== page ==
SA: From #hashtags to action in rural areas

SA: From #hashtags to action in rural areas

Date: March 14, 2018
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By  LuciaMakamure

Johannesburg, 14 March: The 62nd Commission of the Status of Women (CSW62) is underway in New York under the banner “Challenges and opportunities in achieving gender equality and the empowerment of women and girls living in rural areas”.

The annual conference comes hardly a week after International Women Day whose theme this year was #PressforProgress. To mark this special day Gender Links and the Southern African Gender Protocol Alliance (the Alliance) held a webinar titled “From Hashtags to Action: Young Women Speak Out.” Last year the Alliance launched a Young Women’s Alliance

The webinar, which connected gender activists, students and youth advocates across the Southern Africa Development Community (SADC) brought to the fore the opportunities and challenges associated with using social media for gender equality activism.

Commenting on the positives of digital activism, Gender Links Chair and Senior Journalism Lecturer at the Namibia Polytechnic University, Emily Brown said, “Speaking truth to power is crucial in the struggle for gender equality. Social media affords activists the chance to be heard outside mainstream media.

South African gender activist Naledi Chirwa noted that social media is not the only space for women to share their stories. She said, “We have a lot of women doing amazing work in their communities and their stories never trend on social media.” Zimbabwe Young Women Alliance representative Runyararo Mutariswa pointed out that sometimes digital activism excludes the stories of women and girls living in rural areas.

Melida Matsi, from South Africa’s Limpopo province, is an example of a gender champion who has done a lot for her community but has never trended on social media.

I met Matsi a month ago when I accompanied a delegation from the Eastern African Sub-regional Support Initiative for the Advancement of Women (EASSI) on a learning visit on how local authorities and community based organisations in South Africa are using the SADC Protocol on Gender and Equality to advance the lives of ordinary citizens.

The Capricorn District Municipality organised a field visit to Tiamaatla Development centre in Sebayeng. We were met at the entrance of Tiangmaatla Home Based Care by Matsi who is in charge of the centre. Her passion and drive for what she does is quite evident in the trophies and certificates that fillthe walls in her office.

Matsi has in the past 15 year been able to turn the centre from a shack into a full-fledged drop in centre comprising a school , bakery, home based care facility community garden and community Information and Technology centre.

Tiangmaatla cares for 166 orphans and vulnerable children through provision of food, health care, education and social activities. Children participate in all activities in a non-discriminatory environment.

The Home Based Care programme provides care and support to patients, protection and psycho-social care to youth and child-headed families. The Youth Development Program engages communities on strategies that promote the attainment of gender equality.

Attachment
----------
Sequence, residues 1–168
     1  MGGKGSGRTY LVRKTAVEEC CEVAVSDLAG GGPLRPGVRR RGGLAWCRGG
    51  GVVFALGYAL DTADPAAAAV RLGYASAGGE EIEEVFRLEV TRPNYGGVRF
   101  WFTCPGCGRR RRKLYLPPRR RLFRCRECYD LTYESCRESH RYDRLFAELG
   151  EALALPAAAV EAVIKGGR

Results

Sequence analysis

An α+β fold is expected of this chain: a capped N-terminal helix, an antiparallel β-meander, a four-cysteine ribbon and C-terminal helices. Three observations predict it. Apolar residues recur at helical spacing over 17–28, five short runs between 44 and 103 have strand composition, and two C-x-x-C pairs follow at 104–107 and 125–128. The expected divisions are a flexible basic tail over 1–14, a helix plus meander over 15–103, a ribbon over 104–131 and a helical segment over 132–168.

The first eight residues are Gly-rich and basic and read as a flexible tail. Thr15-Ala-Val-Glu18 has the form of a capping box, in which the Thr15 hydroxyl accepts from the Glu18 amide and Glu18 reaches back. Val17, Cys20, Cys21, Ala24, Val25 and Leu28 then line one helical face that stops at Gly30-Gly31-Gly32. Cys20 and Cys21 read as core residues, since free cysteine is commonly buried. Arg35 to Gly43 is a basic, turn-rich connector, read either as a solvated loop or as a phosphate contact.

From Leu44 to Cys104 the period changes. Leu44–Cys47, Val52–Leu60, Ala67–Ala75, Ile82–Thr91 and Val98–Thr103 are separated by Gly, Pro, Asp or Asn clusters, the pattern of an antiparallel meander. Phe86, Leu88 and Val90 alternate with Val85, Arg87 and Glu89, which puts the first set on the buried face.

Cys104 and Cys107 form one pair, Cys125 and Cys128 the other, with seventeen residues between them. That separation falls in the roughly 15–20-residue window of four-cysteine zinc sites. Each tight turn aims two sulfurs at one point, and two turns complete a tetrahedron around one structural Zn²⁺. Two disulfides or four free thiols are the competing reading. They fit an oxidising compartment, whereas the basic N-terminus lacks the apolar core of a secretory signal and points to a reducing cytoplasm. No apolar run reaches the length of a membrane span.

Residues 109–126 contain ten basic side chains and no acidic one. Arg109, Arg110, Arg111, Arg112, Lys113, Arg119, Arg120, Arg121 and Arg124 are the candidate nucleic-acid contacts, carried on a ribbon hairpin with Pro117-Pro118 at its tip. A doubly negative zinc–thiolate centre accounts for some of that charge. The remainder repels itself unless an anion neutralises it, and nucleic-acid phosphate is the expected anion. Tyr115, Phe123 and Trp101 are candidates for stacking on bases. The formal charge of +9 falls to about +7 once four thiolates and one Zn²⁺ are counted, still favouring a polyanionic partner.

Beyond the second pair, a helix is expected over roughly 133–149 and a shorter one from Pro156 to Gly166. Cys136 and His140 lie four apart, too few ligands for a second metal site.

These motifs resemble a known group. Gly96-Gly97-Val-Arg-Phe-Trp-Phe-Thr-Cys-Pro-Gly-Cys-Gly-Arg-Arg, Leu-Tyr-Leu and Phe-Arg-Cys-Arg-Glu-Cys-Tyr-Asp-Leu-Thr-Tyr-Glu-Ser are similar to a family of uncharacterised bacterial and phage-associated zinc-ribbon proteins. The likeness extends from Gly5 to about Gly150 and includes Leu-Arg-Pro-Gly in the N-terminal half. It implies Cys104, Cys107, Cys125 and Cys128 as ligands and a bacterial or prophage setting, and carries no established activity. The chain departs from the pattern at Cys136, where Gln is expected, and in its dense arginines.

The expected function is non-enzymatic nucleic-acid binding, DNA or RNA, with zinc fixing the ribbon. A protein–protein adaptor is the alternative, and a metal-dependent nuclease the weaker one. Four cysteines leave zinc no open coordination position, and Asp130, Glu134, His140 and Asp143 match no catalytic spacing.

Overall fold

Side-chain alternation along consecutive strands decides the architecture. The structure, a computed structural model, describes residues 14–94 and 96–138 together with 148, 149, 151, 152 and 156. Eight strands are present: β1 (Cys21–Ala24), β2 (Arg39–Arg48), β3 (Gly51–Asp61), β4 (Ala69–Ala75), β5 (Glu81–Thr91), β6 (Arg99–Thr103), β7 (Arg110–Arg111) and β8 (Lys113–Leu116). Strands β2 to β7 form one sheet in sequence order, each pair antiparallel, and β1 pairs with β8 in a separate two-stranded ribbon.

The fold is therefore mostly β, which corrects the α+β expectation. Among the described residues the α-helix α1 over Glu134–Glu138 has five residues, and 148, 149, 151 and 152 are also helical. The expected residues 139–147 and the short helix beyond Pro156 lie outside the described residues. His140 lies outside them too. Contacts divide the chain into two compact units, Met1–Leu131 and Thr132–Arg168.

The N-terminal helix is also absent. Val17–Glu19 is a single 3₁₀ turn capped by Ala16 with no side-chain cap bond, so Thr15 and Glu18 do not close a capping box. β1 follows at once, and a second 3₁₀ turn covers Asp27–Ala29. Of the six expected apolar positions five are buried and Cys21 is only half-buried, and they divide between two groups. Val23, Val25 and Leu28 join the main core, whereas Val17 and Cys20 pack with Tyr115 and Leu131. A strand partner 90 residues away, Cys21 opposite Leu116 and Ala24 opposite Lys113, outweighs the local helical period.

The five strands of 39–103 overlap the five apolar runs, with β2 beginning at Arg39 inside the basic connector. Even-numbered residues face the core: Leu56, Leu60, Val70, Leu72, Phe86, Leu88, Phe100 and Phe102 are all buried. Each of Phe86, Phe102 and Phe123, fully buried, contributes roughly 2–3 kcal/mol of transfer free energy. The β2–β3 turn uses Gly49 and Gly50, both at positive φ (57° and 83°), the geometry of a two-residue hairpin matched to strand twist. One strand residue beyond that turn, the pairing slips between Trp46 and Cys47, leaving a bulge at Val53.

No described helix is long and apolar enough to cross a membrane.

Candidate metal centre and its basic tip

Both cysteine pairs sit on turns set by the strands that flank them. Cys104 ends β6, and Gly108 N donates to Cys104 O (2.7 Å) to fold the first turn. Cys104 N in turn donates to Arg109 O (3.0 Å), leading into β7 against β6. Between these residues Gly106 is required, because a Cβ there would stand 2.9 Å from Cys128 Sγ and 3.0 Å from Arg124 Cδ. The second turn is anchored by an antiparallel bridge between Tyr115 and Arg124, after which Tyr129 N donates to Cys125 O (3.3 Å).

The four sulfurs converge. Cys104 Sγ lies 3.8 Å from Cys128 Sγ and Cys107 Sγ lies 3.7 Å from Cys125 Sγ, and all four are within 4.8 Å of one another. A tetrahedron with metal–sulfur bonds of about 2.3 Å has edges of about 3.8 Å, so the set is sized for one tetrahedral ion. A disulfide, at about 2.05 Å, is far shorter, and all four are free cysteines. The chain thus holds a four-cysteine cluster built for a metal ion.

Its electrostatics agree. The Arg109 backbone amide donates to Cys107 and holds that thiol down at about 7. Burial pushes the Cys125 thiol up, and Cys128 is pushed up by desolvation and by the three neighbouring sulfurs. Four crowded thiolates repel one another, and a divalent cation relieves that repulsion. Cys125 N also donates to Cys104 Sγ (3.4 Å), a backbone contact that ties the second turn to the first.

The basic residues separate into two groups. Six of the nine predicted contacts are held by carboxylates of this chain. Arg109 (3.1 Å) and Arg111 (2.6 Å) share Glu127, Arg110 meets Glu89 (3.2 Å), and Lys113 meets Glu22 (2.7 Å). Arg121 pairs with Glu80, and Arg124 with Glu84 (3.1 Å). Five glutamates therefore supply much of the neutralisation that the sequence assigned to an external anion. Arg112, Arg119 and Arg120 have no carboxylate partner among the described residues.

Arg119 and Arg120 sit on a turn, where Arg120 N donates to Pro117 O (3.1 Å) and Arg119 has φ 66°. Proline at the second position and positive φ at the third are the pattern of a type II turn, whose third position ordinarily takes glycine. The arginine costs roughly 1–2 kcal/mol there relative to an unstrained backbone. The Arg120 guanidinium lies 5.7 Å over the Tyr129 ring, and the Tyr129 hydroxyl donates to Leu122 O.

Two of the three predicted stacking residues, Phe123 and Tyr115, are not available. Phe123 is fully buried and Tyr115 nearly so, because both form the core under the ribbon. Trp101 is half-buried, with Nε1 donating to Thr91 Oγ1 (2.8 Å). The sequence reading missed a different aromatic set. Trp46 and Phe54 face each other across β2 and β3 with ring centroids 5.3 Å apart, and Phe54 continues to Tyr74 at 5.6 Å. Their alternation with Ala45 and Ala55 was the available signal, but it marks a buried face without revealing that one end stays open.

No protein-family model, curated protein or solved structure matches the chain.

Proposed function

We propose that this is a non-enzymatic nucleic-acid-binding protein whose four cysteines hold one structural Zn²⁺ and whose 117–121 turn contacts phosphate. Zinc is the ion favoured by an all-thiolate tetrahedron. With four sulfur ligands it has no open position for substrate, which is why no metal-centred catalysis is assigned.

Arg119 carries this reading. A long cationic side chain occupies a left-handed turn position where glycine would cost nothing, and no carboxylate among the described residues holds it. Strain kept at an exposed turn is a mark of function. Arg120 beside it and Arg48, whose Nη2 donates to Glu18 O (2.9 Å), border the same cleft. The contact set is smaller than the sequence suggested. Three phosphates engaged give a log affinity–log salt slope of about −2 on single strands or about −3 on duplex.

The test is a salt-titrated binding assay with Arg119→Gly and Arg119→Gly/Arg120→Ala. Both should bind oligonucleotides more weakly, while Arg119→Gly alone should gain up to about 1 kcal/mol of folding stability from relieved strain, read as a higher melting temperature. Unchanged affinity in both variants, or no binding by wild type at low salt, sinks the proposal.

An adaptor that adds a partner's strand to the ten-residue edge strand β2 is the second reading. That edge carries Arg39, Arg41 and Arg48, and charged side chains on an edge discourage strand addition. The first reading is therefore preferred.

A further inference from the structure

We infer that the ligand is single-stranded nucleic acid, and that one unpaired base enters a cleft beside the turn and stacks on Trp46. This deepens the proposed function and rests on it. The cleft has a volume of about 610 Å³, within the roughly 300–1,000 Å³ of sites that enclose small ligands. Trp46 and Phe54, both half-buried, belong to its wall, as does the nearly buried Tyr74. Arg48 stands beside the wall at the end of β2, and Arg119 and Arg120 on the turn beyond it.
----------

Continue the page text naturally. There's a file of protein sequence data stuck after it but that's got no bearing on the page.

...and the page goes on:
Orphans in the area get daily meals, clothes, sanitary pads and assistance with school work. Since 2009 the organisation has implemented programs on behavioural change. Such programmes were initiated to tackle issues within adolescents (girls and young women aged 15-24 as well as boys).

The main issues affecting adolescents in the community are teenage pregnancy, alcohol and substance abuse in the community, child negligence, orphans and vulnerable children in the community, high unemployment rates and poverty.

Through partnering with the Department of Social Development, schools and clinics, Tiangmaatla began to implement their programs through initial identification of orphans, children and youth made vulnerable by HIV and AIDS. They provided bereavement counselling for the children as well as monitoring their situations at home and school and provide psychosocial support for the children and their families.

The programme has also partnered with local Induna’s for provision of land for their projects and well as Be Part of The Miracle, Care and Support for Improved Parent Outcomes (CASIPO), PACT South Africa, Breadline Africa, Independent Development Trust, Peace Corp and the University of Limpopo for service delivery and capacity building.

My encounter with Matsi opened my eyes to the diversity of women who live in rural areas the need to understand that hashtags without action will not bring about gender equality.

Lucia Makamure is the Alliance and Partnerships Manager at Gender Links and writes in her personal capacity.

2 thoughts on “SA: From #hashtags to action in rural areas”

Charlotte says:

I need to get in touch with organisations dealing with women abuse, I have a very sad story to tell about my life and the lives of many oppressed women and our community in general how the traditional authorities are abusing us using their power as leaders to dominate and oppress us in our rural community. Their oppressive kind of leadership is surprisingly backed up by several South African governmental departments, like police, traditional affairs, Rural development etc, My community is not the only one, there are many come immunities subjected daily to this gruesome treatment by those calling themselves leaders. I have long reported this matter to Department of women but to no avail. I dont mind if you can publish this letter to organisations whom you know they can assist.

Charlotte says:

I don’t mind even if it can be published, our need is for the world to know that oppressive regimes still exist in South Africa, even syndicates who pretends to be on par with progressive regime requirements.

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